The Ambarvalia were festivals in honour of Ceres, in order to procure a happy harvest. At these festivals they sacrificed a bull, a sow, and a sheep, which, before the sacrifice, were led in procession thrice around the fields; whence the feast is supposed to have taken its name, ambio, I go round, and arvum, field. These feasts were of two kinds, public and private. The private were solemnized by the masters of families, accompanied by their children and servants, in the villages and farms out of Rome. The public were celebrated in the boundaries of the city, and in which twelve fratres arvales walked at the head of a procession of the citizens, who had lands and vineyards at Rome. These festivals took place at the time the harvest was ripe.
The Vulcanalia were festivals in honour of Vulcan, and observed at the latter end of August. The streets of Rome were illuminated, fires kindled every where, and animals thrown into the flames as a sacrifice to the deity.
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BEBUT THE AMBITIOUS.
“Hear this true story,
and see whither you may
be conducted by ambition.”
Hafiz, the Persian Poet.
In one of the suburbs of Ispahan, under the reign of Abbas the First, there lived a poor, working jeweller. In his neighbourhood he was known by the name of Bebut the Honest. Numberless were the proofs of probity and disinterestedness which had gained for him this title.
In all disputes and quarrels, he was the chosen arbiter. His decisions were generally as conclusive as those of the Kazi himself. Laborious, active, and intelligent, and esteemed by all who knew him, Bebut was happy; and his happiness was still enhanced by love. Tamira, the beautiful daughter of his patron, was the object of his attachment, which she returned. One thought alone disturbed his felicity; he was poor, and the father of Tamira would never accept a son-in-law without a fortune. Bebut, therefore, often meditated upon the means of getting rich. His thoughts dwelt so much on this subject, that ambition at length became a dangerous rival to the softer sentiment.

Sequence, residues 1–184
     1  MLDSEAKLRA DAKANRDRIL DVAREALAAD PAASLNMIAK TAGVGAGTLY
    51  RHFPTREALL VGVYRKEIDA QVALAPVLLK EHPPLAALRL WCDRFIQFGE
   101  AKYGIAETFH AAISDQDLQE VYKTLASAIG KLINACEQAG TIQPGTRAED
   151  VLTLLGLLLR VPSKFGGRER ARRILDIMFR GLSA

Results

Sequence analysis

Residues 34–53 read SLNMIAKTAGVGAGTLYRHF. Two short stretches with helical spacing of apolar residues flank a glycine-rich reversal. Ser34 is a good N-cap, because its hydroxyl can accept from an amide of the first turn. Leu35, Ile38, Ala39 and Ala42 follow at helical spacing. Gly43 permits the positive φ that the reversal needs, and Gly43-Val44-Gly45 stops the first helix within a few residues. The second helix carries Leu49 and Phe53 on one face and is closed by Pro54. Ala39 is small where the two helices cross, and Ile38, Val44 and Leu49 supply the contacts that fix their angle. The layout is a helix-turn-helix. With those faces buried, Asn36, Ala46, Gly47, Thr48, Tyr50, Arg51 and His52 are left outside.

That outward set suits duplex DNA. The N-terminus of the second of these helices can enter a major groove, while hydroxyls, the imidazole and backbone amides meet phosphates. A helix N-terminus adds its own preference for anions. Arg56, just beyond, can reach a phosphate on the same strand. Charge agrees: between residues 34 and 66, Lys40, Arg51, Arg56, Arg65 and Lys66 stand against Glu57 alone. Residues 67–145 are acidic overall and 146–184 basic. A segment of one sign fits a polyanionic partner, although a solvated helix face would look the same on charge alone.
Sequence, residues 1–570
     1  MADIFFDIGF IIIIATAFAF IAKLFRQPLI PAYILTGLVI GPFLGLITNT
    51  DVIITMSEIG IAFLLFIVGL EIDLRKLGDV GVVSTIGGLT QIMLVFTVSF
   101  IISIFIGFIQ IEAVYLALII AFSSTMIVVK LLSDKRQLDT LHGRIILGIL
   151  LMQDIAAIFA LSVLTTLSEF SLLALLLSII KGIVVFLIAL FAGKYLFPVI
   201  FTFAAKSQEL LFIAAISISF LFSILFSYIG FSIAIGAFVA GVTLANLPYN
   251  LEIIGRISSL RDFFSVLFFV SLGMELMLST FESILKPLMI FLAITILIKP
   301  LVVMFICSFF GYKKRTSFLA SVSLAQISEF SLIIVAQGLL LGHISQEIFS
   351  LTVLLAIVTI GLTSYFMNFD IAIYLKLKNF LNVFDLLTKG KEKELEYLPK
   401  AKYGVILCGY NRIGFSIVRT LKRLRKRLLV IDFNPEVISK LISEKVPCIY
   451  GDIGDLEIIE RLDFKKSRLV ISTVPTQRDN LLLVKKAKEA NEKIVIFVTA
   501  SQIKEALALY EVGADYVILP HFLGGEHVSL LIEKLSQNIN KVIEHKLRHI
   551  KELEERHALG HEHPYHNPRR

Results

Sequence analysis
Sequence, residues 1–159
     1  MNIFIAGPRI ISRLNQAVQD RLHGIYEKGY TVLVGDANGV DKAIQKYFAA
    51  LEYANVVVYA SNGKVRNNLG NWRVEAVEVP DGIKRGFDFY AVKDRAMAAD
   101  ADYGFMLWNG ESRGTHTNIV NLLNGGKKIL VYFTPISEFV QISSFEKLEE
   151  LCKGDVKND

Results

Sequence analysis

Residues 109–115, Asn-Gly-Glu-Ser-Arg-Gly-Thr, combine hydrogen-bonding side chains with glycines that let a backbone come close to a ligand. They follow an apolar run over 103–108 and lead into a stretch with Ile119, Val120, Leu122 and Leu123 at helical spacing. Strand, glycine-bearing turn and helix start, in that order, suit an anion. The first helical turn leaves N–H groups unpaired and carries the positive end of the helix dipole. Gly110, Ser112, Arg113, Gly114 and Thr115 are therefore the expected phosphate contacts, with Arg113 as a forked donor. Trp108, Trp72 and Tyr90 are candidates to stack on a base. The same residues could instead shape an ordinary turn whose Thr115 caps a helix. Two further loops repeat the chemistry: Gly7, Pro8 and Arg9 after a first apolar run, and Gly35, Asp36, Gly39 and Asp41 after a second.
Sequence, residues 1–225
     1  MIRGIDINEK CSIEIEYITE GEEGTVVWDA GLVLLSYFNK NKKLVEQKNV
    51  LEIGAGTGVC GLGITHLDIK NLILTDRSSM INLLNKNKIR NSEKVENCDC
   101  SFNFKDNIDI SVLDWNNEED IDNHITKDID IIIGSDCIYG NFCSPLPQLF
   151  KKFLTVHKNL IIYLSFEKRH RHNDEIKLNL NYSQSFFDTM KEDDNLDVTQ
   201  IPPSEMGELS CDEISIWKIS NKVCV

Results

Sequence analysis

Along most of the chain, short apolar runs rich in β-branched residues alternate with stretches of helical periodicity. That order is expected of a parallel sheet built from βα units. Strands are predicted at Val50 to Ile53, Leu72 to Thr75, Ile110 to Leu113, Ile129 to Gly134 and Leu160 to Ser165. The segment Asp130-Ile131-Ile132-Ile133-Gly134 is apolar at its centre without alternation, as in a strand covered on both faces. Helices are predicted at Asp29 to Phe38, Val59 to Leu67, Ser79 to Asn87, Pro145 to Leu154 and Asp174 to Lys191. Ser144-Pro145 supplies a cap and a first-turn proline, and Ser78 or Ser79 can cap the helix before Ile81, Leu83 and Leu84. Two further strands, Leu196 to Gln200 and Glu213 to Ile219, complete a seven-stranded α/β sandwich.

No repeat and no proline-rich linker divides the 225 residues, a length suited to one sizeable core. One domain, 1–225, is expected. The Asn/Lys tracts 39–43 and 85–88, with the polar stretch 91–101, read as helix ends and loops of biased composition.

There was a grand festival in the harem. In the midst of it, the great Schah Abbas dropped the royal aigrette, called jigha, the mark of sovereignty among the Mussulmans. In changing his position, that it might be sought for, he inadvertently trod upon it, and it was broken. The officer who had charge of the crown jewels, knew the reputation of Bebut; to him he applied to repair this treasure. None but the most honest could be trusted with an article of such value, and who was there so honest as Bebut? Bebut was enraptured with the confidence. He promised to prove himself deserving of it.
Now Bebut holds in his hands the richest gems of Persia and the Indies. Ambition has already stolen into his bosom. Could it be silent on an occasion like this? It ought to have been so, but it was not.